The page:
Cross-Cultural Film Guide/ Patricia Aufderheide
The American University/ ©1992
Plot: Teresa is a Cuban woman who exemplifies the problems of Cuban women under the revolution: They have done a lot for the revolution, but what has the revolution done for them?
Teresa (Daysi Granados, the director's wife and one of post-1959 Cuban cinema's most prominent actors since its origins) has three sons (Granados' and Vega's own) and a traditional, rather suspicious husband (Adolfo Llaurado, another prominent actor). She also has a factory job, and is a dedicated, harrassed revolutionary worker who takes on the job of cultural secretary at the factory despite misgivings that she won't be able to handle her many responsibilities. The responsibilities of the latter position increase her husband's jealousy and infantilism, and make her feel increasingly inadequate. She throws her husband out after an ugly scene, and he returns to his mother's house. She is left shouldering the day-to-day burdens of managing life under the revolution.
Style: Vega said, in interview in Havana with Pat Aufderheide in July 1983, that among filmmakers he most highly esteemed Robert Flaherty, for his ability to reveal with deceptive simplicity the drama of daily life, and also the Italian neorealists. He chose, in his earlier work especially and quintessentially in Portrait of Teresa, to use a style reminiscent of documentary, carrying with it the truth claims of documentary, while developing narratives of psychological crisis and evolution. "You can't film the hearts of men with a candid camera," he said. "The things that most influence daily life are the unconscious ones--the neorealists knew that." A scene of Teresa waking up and going through her morning routine is exemplary; it is conducted in what appears to be (but isn't) real time, and is meticulously detailed, giving the viewer a sense of the myriad responsibilities Teresa faces.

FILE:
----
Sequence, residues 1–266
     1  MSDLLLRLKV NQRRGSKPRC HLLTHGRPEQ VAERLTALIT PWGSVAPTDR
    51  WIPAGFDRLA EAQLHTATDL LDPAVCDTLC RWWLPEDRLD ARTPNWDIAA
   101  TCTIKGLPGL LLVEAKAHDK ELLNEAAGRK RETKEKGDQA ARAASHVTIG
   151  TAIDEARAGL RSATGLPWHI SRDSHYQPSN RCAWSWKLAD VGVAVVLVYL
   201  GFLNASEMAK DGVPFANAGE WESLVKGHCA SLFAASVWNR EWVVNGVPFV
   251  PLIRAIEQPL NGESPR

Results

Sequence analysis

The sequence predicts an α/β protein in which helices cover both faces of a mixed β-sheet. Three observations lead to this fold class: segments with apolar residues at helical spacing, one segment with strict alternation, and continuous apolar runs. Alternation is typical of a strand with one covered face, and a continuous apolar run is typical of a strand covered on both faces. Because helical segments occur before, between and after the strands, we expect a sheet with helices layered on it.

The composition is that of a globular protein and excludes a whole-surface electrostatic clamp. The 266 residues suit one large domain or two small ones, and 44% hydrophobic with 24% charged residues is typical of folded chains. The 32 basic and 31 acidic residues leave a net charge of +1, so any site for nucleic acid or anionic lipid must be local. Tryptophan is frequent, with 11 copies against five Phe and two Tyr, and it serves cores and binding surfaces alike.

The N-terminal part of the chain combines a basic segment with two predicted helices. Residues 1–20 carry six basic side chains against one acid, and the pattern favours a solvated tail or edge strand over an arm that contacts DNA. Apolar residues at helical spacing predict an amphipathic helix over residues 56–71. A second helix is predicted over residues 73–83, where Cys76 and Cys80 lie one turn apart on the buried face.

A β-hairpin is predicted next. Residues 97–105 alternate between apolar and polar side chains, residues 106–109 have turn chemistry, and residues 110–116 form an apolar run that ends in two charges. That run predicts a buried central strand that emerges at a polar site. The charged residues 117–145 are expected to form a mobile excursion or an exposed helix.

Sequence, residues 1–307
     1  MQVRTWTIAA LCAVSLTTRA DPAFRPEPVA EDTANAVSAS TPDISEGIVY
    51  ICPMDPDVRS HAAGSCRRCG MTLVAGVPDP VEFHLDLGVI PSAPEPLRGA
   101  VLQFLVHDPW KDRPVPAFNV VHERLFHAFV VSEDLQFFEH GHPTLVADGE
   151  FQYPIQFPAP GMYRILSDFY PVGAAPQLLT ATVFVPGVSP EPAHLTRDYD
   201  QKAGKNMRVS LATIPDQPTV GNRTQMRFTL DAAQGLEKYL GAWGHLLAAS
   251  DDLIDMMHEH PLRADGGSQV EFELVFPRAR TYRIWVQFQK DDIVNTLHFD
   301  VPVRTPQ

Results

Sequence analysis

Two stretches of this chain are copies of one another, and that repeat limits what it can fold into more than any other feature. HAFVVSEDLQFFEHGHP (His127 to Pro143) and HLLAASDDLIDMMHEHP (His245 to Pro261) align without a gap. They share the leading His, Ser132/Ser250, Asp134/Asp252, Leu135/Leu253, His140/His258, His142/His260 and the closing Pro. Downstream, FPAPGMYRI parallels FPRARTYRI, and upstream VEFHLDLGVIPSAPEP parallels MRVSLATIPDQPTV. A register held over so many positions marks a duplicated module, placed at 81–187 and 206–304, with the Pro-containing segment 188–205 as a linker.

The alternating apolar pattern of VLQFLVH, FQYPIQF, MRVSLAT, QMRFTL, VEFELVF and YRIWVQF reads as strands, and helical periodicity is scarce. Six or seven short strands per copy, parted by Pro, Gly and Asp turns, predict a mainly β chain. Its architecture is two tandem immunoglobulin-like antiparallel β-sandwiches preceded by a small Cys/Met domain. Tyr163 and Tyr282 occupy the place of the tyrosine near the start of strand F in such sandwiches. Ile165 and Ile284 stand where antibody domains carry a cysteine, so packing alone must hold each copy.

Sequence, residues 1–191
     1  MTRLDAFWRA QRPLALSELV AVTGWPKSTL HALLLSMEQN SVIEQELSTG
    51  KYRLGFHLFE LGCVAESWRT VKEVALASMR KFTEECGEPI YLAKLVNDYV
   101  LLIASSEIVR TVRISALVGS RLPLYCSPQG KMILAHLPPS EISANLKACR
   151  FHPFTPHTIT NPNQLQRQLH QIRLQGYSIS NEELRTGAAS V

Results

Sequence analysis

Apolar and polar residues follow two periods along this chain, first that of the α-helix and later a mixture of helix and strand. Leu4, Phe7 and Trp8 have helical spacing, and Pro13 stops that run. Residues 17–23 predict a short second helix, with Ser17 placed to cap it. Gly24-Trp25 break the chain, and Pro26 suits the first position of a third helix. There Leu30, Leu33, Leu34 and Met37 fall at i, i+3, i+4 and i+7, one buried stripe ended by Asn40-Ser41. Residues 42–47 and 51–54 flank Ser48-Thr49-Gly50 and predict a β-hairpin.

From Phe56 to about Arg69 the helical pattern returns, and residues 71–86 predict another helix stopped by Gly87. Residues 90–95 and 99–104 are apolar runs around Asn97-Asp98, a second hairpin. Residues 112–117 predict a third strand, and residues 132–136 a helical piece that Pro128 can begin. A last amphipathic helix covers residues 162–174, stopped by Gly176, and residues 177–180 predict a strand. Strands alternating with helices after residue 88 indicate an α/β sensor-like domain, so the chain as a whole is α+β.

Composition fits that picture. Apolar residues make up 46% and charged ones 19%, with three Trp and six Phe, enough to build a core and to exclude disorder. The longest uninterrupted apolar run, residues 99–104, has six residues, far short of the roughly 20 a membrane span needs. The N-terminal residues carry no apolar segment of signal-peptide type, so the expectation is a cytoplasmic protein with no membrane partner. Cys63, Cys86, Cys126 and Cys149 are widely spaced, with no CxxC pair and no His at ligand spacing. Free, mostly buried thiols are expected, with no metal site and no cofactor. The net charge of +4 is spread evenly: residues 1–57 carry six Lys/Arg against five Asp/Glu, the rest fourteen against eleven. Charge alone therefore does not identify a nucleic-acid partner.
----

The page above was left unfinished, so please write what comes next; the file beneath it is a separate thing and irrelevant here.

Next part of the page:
Background on director/film: Pastor Vega, who came to be one of the most influential figures in ICAIC, throughout most of the '80s heading the international division including the film festival, began his work at ICAIC, as many did, in documentaries. He made several sharply pointed film essays, including the 1967 Song of the Tourist, a 15 minute film comparing underdevelopment ad revolution. Portrait of Teresa was his first feature and widely acknowledged still to be his best. The film was co-scripted by renowned writer Ambrosio Fornet.
Film production context: See Memories of Underdevelopment.
Importance: This was one of Cuba's all-time most popular films in Cuba, because it so graphically and empathetically addressed a pervasive problem. (Other Cuban documentaries and fiction features have dealt with the subject, but none with the combination of emotional appeal and sociological boldness.) Internationally it has become one of the handful of Cuban films regarded as emblematic of the best in Cuban cinema.
Pat Aufderheide, "Cuba Vision: Three Decades of Cuban Film," in Philip Brenner et al., eds, The Cuba Reader, 1989
Brenner, P., et al., The Cuba Reader. New York: Grove, 1989.
Michael Chanan, The Cuban Image, Bloomington, Indiana: Indiana University Press, 1985
John King, Magical Reels: A History of Cinema in Latin America, London: Verso, 1990
B. Ruby Rich, "Portrait of Teresa: Double day, double standards," Jump/Cut 22 (May 1980), pp. 30f.
Last updated on September 17, 1996
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